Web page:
was the ultimate collaboration. Because it was one of our producers who found the Lost Tapes, quite quite honestly. And once we started going through those tapes, and seeing what kind of story it was, and its potential, we realized that to give it the best chance to survive and get sold is, was to take on a partner, and that partner was IPC. And they were great. They are great partners to work with. Very collaborative, and you know what our vision for the series was never got lost on them. And for a small company in the middle of the country that, you know, really doesn't have, you know, a lot of a lot of shows on the air, it was nice, nice to have that sort of collaboration and recognition from a company like IPC to really put us on the map. And I think, each time something like that happens, we can demonstrate the talent that is, you know, part of that they're the people who make up the Wrigley Media Group. And I've said for years that I will put the folks who worked for us at at Wrigley Media up against anyone from either coast and in terms of their talent and what they do. And this project really allowed us to show that.

19:05  

Yes, I'd like to add to that. So I've done quite a bit of true crime over my career, I teach towards true crime series that I created or co-created at AEe. So once I came to the Wrigley Media Group, we were developing True Crime right away. We just sold a true crime project to NBC peacock, what and that's an original production and that we created but in addition to that, in the spirit of partnership, we created a whole True Crime Lab. So this is as I was speaking about Lex studios and its flexibility. So the production companies who were once our competitors are now our partners. So they come to us. They have to do recreations. They need graphics, they need to do host wraps, color and sound all types of things for their production. They trust that to the Wrigley Media Group. So we have a whole group of people who are doing nothing but that, and they're thrilled, because they're getting high quality work. They're getting the benefit of a great incentive. Kentucky is winning because it's getting all this business. It's a win win win all the way around.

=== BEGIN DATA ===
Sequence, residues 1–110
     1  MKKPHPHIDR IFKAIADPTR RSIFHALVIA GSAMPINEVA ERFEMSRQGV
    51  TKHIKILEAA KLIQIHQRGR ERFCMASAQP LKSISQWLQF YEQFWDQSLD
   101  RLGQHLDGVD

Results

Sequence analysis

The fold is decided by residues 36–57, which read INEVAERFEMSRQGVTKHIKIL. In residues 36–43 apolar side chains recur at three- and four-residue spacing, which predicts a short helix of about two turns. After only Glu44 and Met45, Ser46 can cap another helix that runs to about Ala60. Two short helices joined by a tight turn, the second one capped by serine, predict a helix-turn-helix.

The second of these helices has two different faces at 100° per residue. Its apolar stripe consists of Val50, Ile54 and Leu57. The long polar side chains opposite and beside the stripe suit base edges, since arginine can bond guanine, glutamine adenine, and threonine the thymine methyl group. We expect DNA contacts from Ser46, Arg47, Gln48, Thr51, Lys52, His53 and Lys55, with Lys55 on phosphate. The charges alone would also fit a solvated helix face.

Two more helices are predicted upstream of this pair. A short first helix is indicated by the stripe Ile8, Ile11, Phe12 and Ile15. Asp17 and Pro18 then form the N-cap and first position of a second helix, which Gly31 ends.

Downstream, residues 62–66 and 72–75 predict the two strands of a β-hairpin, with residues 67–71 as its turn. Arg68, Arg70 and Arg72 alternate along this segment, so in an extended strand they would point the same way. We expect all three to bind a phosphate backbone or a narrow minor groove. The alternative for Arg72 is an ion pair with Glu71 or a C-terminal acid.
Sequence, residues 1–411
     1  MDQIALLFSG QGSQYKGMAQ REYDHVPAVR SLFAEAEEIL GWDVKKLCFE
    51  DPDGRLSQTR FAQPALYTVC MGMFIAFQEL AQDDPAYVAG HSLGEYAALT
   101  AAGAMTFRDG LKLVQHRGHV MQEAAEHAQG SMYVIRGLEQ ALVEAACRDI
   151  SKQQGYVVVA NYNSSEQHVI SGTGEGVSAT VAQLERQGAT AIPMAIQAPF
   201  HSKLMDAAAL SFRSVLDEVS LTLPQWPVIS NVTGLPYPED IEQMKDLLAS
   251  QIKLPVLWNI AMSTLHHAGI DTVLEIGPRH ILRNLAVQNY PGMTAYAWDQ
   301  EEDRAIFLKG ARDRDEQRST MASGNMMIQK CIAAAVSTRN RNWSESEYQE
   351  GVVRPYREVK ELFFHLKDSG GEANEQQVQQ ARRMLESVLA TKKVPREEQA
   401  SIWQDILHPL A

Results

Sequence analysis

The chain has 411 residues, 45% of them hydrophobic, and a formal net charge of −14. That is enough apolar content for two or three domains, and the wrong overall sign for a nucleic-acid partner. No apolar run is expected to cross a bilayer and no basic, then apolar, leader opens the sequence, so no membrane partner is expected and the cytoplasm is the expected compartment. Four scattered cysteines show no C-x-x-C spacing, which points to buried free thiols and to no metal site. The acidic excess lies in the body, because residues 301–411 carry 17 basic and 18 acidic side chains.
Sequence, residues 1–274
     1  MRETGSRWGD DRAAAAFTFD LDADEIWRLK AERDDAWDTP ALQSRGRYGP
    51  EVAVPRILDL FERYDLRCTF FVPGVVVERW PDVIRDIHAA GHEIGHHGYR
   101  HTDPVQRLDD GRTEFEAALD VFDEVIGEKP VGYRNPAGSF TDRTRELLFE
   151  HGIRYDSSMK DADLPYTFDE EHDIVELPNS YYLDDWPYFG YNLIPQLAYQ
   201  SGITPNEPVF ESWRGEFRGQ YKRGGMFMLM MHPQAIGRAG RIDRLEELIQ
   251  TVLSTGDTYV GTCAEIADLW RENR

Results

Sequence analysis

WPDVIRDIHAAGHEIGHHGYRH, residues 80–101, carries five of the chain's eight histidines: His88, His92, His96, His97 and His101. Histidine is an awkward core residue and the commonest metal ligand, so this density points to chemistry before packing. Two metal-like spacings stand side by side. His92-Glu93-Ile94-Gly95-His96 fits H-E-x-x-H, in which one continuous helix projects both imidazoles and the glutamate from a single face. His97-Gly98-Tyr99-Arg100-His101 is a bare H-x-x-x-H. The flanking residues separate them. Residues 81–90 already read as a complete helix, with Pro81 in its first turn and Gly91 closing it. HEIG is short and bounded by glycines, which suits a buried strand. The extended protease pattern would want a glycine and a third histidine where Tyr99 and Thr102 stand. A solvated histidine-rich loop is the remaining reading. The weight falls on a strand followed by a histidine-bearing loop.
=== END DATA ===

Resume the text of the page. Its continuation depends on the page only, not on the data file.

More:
20:25  

That's really fantastic. But I have to say, Joe and Cameron, I still, when we turned the catering kitchen into a morgue, it that's going to be tough on me the next time I cater there.

20:42  

You know, Misdee? I'm really curious, you know, as a leader in the industry, as being someone that has built a pretty vertically integrated media business. I'm curious how you foresee the evolution of Film and Media Production the next few years.

20:56  

In Kentucky, I'm sure you're saying I think that as more filmmakers and studios find out what is available in Kentucky. And I think they will be really excited to come to Kentucky. And you know, Joe alluded to this, our Kentucky hospitality people will come and find that there's so much excitement about having filmmakers come to Kentucky and as importantly, as the legislators see the economic advantage. film that the incentives can bring to Kentucky in terms of the ancillary businesses we all know that thrive because of it, the catering companies, the hotels, airline transportation, dry cleaners. You know, it's the rising tide floats all boats. So as we continue to demonstrate what film incentives can do to the economy of Kentucky, I think our incentives will only grow and grow in strength. I mean, they're good now, but we intend to make them better. Yeah,

22:15  

and one thing I want to say Cameron is, this is we're at a crossroads in our business. Everybody knows this. And it is a time to work smarter, not harder. It is a time to collaborate. It is a time to innovate. It is a time to do all kinds of things that we haven't done before. So we are perfectly positioned to be an ally, to productions, producers, networks. That's why they're coming in and visiting us networks are flying in bringing their people to see what we're all about. I always say Kentucky's a bit of a sleeping giant. And people are finding Kentucky. Amazon is here with a $20 million project. Last year 61 projects received $72 million in incentive funding. So more and more productions. I meet with filmmakers every week, who are discovering Kentucky Our doors are open. And we're here to help other creators bring their visions to life.

23:23  

That's really tremendous will. Joe and Misdee I want to thank you both for sharing a little bit of your story. The really exciting things happening in Kentucky at Wrigley Media Group and Lex Studios. Thanks for joining me On Production. Thank

23:39  

you so much.

23:40  

Thank you, Cameron. Our pleasure.